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NH Hall of Fame Induction Ceremony

NH Hall of Fame Induction Ceremony

Monday, October 26, 2015
Author: Chace Family

















It is such an honor to be inducted into the NH Legends of Hockey Hall of Fame. 

Ironically, I was injured playing hockey thirteen years ago this month.  I loved playing hockey in New Hampshire. I learned how to skate, play and compete in this state. One of my first memories as a competitive hockey player is playing at Phillips Exeter. Sometimes it would take three coaches just to lift us up over the boards.

My coaches, Sean Tremblay and Chris Grassie, who were with me on that life-changing day in Cannington, Ontario in 2002, are here today.  Tom Moulton who, in 2004 encouraged me to stick with sled hockey because I really could experience true competition, is here today. Coach Tremblay travelled to Italy to support my debut on the United States Paralympic Sled Hockey Team in Torino in 2006.  Jill Gravink, Director of Northeast Passage is here today. Jill, her amazing staff and my University of New Hampshire Sled Hockey Coach, Tom Carr, travelled to Vancouver to support my team’s gold medal performance in 2010. My family who is here today, travelled the world for ten years in support of me and the United States Sled Hockey Team. 

This is what hockey is all about.  Our world is small and close knit. We have each other’s backs.  Most of us play or played hockey and support each other for the love of the game. This became even clearer to me as I worked tirelessly to compete in sled hockey at the highest level with some of the most accomplished young athletes you could ever hope to meet; athletes whose lives had come from the lowest of lows; athletes who had experienced injuries, amputations or chronic illnesses which changed their lives and the lives of their families forever.  And what brought us back to life? . . . Hockey. Being part of a team, being part of something greater than ourselves, working together toward a goal. And let’s face it, there is nothing sweeter than working as a team toward a common goal and having that hard work pay off. . . . this is what life is all about.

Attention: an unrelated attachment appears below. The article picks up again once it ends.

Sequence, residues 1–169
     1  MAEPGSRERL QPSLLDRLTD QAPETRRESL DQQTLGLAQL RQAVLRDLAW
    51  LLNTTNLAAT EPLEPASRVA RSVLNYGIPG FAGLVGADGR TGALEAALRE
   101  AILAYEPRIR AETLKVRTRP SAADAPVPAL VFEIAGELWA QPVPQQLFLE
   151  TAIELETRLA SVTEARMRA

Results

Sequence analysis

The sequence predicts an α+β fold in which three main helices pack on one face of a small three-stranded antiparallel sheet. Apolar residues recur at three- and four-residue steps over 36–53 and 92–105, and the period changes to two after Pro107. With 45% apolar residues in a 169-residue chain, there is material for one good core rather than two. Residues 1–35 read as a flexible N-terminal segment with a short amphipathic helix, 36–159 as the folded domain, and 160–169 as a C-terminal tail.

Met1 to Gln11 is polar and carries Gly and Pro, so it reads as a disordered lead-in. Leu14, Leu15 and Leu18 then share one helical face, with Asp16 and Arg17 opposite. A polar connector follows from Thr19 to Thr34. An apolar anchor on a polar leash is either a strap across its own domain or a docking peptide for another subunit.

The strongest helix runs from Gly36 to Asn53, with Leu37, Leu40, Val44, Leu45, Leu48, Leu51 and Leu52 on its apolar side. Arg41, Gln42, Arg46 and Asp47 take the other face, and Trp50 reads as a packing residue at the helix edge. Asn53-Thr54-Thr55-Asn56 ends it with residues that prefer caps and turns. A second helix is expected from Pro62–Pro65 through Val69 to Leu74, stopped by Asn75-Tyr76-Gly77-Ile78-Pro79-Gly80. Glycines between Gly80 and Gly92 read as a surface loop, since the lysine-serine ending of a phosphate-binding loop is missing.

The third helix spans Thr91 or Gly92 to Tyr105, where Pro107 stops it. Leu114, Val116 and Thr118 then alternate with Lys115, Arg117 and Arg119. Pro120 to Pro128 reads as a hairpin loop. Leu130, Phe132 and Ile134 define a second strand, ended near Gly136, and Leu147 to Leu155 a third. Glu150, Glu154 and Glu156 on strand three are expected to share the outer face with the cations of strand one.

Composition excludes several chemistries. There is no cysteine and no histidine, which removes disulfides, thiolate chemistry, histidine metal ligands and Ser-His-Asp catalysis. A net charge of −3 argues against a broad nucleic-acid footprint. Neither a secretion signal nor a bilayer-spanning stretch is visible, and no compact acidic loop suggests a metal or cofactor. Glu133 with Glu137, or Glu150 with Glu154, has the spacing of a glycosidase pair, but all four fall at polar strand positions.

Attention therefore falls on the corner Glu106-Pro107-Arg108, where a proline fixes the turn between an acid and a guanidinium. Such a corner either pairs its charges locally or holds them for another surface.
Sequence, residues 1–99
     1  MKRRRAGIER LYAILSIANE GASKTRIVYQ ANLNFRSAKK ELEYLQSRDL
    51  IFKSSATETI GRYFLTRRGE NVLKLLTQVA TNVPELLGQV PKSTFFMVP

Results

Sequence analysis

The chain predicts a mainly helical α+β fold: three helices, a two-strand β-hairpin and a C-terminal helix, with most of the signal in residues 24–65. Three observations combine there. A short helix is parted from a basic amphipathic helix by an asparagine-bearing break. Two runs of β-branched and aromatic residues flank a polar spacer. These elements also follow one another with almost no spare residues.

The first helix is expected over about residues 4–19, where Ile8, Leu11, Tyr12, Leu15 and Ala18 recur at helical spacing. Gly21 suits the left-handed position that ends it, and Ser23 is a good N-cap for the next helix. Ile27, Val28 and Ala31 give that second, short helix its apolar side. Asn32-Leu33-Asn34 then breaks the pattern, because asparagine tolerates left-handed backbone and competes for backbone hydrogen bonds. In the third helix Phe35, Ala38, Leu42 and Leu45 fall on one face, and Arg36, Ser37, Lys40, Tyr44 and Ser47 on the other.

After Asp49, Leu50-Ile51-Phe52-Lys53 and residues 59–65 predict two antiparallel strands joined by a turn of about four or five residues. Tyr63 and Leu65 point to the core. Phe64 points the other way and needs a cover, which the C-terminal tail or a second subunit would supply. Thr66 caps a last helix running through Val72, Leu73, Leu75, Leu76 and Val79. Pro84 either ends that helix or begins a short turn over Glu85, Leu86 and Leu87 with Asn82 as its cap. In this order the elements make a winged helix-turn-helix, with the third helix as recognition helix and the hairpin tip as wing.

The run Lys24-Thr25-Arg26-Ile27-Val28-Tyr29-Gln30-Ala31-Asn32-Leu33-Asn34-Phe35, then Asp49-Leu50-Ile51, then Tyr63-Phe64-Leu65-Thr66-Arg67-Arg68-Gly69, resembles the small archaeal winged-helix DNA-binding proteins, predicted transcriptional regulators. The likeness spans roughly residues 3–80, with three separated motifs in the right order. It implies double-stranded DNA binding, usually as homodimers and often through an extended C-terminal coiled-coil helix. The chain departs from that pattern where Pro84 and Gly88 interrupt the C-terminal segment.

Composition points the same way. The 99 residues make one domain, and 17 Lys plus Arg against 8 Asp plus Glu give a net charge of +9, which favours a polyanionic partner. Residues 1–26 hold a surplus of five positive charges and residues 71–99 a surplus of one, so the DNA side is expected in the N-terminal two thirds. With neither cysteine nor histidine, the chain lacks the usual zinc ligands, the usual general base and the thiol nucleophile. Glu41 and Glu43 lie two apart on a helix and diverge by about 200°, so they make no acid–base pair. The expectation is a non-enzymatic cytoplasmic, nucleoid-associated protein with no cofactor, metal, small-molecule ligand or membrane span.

If there is one thing I can share with you about my experience as a Paralympic athlete it is that your mind can always be stronger than your body. On October 6, 2002 I was afraid that the sport that had shaped my life had suddenly turned its back on me. That is the moment the game became more than just physical. Mentally, you have to be ready for anything. My mental strength proved to be just as important as my physical strength. Hockey never stopped being my motivation. I never turned my back on the game that would one day save me.  

I am happy to say I have moved on to the next chapter of my life. I have always been passionate about fitness and strength and conditioning as it pertains to sport performance.  Now I am able to coach athletes of all ages off the ice or playing field.  I continue to coach sled hockey through Northeast Passage and am just amazed at how far the sport has come thanks to our local programs and USA Hockey.

My road to get to where I am today has been anything but smooth but I would not wish for it to be any other way.  At the end of the day, I would not change anything that has happened to me. I am thankful for the hand that life has dealt me. Challenges are what shape us and allow us to grow. I would not be the person I am today without the support of my family first and the amazing people who have stood by my side throughout this wild ride. 

Thank you again for this special honor.


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